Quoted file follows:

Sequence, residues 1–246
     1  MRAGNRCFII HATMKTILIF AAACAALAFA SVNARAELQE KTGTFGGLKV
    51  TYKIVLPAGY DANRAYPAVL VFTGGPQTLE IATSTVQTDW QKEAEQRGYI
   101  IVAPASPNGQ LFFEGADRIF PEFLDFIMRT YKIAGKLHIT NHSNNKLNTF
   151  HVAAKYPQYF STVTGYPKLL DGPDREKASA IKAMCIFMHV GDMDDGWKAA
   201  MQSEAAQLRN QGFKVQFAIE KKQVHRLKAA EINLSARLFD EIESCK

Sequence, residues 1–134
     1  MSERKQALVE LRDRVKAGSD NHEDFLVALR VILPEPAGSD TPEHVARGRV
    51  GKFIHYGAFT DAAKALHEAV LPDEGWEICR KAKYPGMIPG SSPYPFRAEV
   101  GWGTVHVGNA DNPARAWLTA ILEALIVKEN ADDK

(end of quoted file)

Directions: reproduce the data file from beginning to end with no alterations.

Sequence, residues 1–246
     1  MRAGNRCFII HATMKTILIF AAACAALAFA SVNARAELQE KTGTFGGLKV
    51  TYKIVLPAGY DANRAYPAVL VFTGGPQTLE IATSTVQTDW QKEAEQRGYI
   101  IVAPASPNGQ LFFEGADRIF PEFLDFIMRT YKIAGKLHIT NHSNNKLNTF
   151  HVAAKYPQYF STVTGYPKLL DGPDREKASA IKAMCIFMHV GDMDDGWKAA
   201  MQSEAAQLRN QGFKVQFAIE KKQVHRLKAA EINLSARLFD EIESCK

Sequence, residues 1–134
     1  MSERKQALVE LRDRVKAGSD NHEDFLVALR VILPEPAGSD TPEHVARGRV
    51  GKFIHYGAFT DAAKALHEAV LPDEGWEICR KAKYPGMIPG SSPYPFRAEV
   101  GWGTVHVGNA DNPARAWLTA ILEALIVKEN ADDK